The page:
Nao Robot

The Nao Robot is a small, versatile, humanoid robot with various sensors, automatic voice synthesizing and recognition, collision detection, and a video camera. It comes with a programming environment that can be run on a PC, Mac or Linux computer and can be programed in C#, C++, python or visually in their proprietary SDE. This page will give a brief introduction to using the visual programming environment, Choregraphe, and an explanation on how to use Nao with Visual Studio in C#. This allows us to integrate with other technologies in the iLab, like the Proximity toolkit.

Nao communicates with a computer using a wifi connection. You can control it through high level commands (like "stand up" which will work from any starting position) or through low level commands, like actuating each individual motor.

For more general information, go to the official site

You can download the most recent version of the SDE here, but you'll need to request a username and password first (at the top of the page). It's called Choregraphe. Webots also exists on that page - it's a simulator for the robots and isn't required to run Nao.


Download and Installation

Start by going to the official Nao support site and click on "get your login" (if you don't have one) or log in. You may have to send them an email to get credentials, and if so, they will probably ask for your robot's serial number to prove you have one. That information is not posted here since this page is publicly accessible.

Once you are logged in, you will have access to the downloads. Navigate to Software > Choregraphe and download the one appropriate for your operating system.

If you plan to develop using C#, you also have to download NaoQi, which you can reference in your C# project. Start here and it asks you to log in. This requires a different username/password than before and to get it, you have to contact support (using the navigation bar on that page) and ask for one. This time, you'll definitely have to supply a serial number.

Now that you've got your username and password, login on the previous page and then navigate here. Go to the most recent update (we used 1.14.1) > SDK > NaoQi SDK > .NET > NaoQi for .Net 4 and download that. That will give you the .dll to reference in a C# file.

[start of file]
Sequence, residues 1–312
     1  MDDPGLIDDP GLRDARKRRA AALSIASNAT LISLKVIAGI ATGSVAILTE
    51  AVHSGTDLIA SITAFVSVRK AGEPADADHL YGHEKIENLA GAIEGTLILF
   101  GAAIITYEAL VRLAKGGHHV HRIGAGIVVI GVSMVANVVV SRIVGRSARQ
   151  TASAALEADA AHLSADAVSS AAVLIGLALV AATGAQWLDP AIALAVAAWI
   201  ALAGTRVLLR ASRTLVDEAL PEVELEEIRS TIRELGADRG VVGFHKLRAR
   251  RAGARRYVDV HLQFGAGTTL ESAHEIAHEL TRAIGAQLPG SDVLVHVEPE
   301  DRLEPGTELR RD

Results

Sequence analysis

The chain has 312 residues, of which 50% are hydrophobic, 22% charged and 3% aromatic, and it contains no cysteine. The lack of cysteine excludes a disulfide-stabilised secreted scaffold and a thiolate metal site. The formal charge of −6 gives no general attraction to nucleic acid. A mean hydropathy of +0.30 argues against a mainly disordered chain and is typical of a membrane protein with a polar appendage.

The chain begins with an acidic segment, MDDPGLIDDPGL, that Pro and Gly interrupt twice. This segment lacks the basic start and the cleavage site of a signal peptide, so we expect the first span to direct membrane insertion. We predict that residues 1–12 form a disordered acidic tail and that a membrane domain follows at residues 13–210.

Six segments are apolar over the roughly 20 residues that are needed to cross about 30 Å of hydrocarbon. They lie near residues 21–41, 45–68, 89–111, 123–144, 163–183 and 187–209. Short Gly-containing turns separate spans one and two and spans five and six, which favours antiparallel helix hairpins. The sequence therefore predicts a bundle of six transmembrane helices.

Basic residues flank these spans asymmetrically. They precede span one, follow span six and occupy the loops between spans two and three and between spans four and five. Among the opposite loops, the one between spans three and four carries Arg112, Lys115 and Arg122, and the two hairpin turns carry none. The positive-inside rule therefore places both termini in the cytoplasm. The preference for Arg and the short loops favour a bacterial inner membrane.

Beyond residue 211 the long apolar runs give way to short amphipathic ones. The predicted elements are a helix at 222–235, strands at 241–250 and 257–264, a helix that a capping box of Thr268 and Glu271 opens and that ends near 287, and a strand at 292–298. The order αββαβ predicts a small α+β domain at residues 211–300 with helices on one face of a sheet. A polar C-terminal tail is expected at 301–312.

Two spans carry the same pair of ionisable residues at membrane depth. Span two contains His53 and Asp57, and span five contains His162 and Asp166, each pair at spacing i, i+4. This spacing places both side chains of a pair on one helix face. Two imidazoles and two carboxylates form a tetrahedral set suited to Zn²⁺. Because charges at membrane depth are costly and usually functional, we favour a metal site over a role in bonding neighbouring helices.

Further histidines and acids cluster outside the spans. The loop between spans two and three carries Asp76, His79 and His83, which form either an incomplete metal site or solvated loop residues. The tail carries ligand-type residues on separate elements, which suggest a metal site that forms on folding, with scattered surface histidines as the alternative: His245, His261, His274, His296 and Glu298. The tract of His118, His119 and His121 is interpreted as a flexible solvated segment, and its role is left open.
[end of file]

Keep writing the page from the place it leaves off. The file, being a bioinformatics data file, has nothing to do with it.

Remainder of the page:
Tutorials and Examples

Using Choregraphe

Once you've got the files downloaded, start by opening up Choregraphe and using that to connect to your Nao.

- Put Nao in a safe, sitting position (see the render of the orange Nao in the image below, or the picture of the grey Nao above)

- Turn on Nao by holding the chest button for 1 second (but not much longer than that, because it will make him boot up in a different mode)

- Wait for him to boot completely - he says "Oo nag nook"

- Open Choregrpahe on your computer

- Press Nao's chest button for just one second - He will tell you his IP address

- In Choregraphe, press the green antenna button to connect - a window will pop up. If you see something on the list with a green nao head, click on that and then "connect to". Otherwise, enter the IP address Nao gave you and hit "connect to".

- If connected properly, you will see a feed of Nao's vision and a render of him in his current position on the right side of Choregraphe.

- See the folders on the left side? Under motions > animations, drag out "hello" onto the middle section. Now drag two motor on/off boxes to either side of it and connect them together by dragging the mouse between the start and end points of the program and between the boxes, like this:

- Click on the wrench icon on the second motor box. Change it to motors off.

- Run the program by hitting the green play button at the top.

Important: Note the gears icon in the upper right corner beside the batter indicator. Nao's motors are always either engaged or not engaged. When they're not, Nao can't move and is essentially limp. The first box turns the motors on so he'll be able to wave. When the motors are on, Nao gets hot and burns through electricity. Always keep the motors off when not actively running a program. The last box (the second motors box) will turn the motors back off (assuming you went into the settings using the wrench icon and switched it to off). Always start and end programs with those boxes. If a program does not end cleanly, the motors may not be turned off. This is a problem! Nao may overheat and his joints will wear down faster. If this is the case, the gears in that icon will be red. Just push this icon to turn the motors off.

Using Visual Studio (C#)

- Open up a new C# application (WPF, Winforms, console, or anything else).

- Add a new reference by right clicking on references in Solution Explorer. Select browse, and find the files you downloaded for NaoQi. Import naoqi-dotnet4

- Add this code to the main method:

String NAO_IP = "";
     Aldebaran.Proxies.TextToSpeechProxy voice = new Aldebaran.Proxies.TextToSpeechProxy(NAO_IP, 9559);
     Aldebaran.Proxies.BehaviorManagerProxy beh = new Aldebaran.Proxies.BehaviorManagerProxy(NAO_IP, 9559);
     voice.say("I'm connected to visual studio");
catch (Exception e)
     Console.WriteLine("Connection could not be established:\n" + e.Message);

You're done! Run it and Nao should sit up and announce the fact that he's connected. Some notes:

- The behavior manager allows you to run all the "boxes" you string together in Choregraphe. You call them by name

- Behaviors must be preloaded before they can be used

- Remember to change the "" to Nao's IP address. He'll announce his IP address when he's on when you touch his chest button.


The official Nao downloads

The secret support site for Nao owners. It uses different login credentials you need to ask support for